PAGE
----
West Duluth comprises the West side of Duluth proper and four or five additional towns that it has absorbed over the years. Very working class, post-industrial, lots of empty storefronts, but also more diverse and more interesting than East Duluth.
Seriously, it’s a bad idea. You never know where it will end up. Of course we all do sometimes, but it’s best to make sure you are in a safe location first, no sharp corners, steep drops, speeding trains and the like. If you feel your head coming undone it’s best to hurry home (not too fast) and lie down on the couch. Take a nap or read a boring book and then take a nap. Whatever you do, don’t wander around tourist areas during such a sensitive experience.
Check it out. This is turning into a serious movement.
Even My old hometown of Juneau is joining in…
Minnesota is second growth country, with tiny islands of old growth you have to seek out to discover what has been lost due to statewide industrial logging. Even Voyageurs National Park is mostly second growth, marked with “sentinel trees” left on the horizon so loggers didn’t lose their way in the stumpy moonscape. But you can find examples of the various forests that used to cover the state if you are willing to travel. The DNR has a list of some sites, though they leave out a couple near Duluth, including Park Point.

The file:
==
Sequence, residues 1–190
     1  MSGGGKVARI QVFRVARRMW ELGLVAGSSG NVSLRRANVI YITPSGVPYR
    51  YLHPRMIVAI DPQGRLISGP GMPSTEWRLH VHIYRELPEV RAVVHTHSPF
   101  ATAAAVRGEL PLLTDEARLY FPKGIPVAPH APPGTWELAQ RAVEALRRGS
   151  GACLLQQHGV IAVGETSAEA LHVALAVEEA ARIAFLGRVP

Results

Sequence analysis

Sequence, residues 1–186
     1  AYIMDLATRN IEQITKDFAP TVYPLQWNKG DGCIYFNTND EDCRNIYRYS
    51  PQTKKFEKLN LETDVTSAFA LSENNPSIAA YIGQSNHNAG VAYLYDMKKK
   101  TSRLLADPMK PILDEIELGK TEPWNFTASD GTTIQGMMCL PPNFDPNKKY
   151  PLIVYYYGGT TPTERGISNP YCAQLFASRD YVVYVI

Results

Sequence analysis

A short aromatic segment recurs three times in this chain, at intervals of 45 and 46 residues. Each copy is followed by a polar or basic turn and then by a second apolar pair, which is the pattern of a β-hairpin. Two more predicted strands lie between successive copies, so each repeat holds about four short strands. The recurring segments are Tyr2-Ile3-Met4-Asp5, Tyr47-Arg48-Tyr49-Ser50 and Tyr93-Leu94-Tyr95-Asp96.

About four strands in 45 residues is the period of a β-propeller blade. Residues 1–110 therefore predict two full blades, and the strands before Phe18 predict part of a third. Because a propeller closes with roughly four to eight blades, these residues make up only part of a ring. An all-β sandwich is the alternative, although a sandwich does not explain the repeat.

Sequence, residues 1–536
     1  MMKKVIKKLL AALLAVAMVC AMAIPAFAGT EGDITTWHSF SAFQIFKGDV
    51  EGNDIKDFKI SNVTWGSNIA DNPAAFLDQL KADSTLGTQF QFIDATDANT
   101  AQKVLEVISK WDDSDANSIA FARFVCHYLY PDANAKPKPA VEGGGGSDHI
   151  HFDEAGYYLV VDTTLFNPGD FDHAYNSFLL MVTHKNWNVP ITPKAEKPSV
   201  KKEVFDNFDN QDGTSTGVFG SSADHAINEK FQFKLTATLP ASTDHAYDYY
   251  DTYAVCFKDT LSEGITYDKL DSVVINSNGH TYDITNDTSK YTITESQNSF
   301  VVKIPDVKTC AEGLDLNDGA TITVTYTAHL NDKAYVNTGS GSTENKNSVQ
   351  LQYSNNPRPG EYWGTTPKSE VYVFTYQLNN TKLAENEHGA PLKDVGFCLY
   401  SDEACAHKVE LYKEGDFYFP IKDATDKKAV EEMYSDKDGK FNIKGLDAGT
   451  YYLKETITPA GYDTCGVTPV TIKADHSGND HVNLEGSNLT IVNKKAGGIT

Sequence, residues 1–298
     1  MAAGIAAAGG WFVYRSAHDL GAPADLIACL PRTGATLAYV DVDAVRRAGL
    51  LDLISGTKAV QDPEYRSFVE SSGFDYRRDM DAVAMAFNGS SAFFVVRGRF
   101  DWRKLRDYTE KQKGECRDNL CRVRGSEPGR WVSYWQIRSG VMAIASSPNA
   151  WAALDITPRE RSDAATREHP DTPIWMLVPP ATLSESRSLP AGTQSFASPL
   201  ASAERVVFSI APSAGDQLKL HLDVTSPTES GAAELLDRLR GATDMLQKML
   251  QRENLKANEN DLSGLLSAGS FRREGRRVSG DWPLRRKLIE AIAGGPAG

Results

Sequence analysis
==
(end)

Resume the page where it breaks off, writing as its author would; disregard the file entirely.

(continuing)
Park Point old growth
The path through the park is a couple miles long but flat, an easy walk, with the Lake to the left and the bay to the right. Keep an eye out for the small poison ivy plants in the sand dunes and you should be fine.
In July of 2014 my wife, my daughter and I moved from Juneau, Alaska to Duluth Minnesota, and I finally dusted off this old blog and slapped a new title on it. Previously Mendenhall Meltdown, now Here in Duluth. I considered another alliterative title, but nothing good came of that.
Here’s a photo from the state fair during our first summer here. Transportation of the future…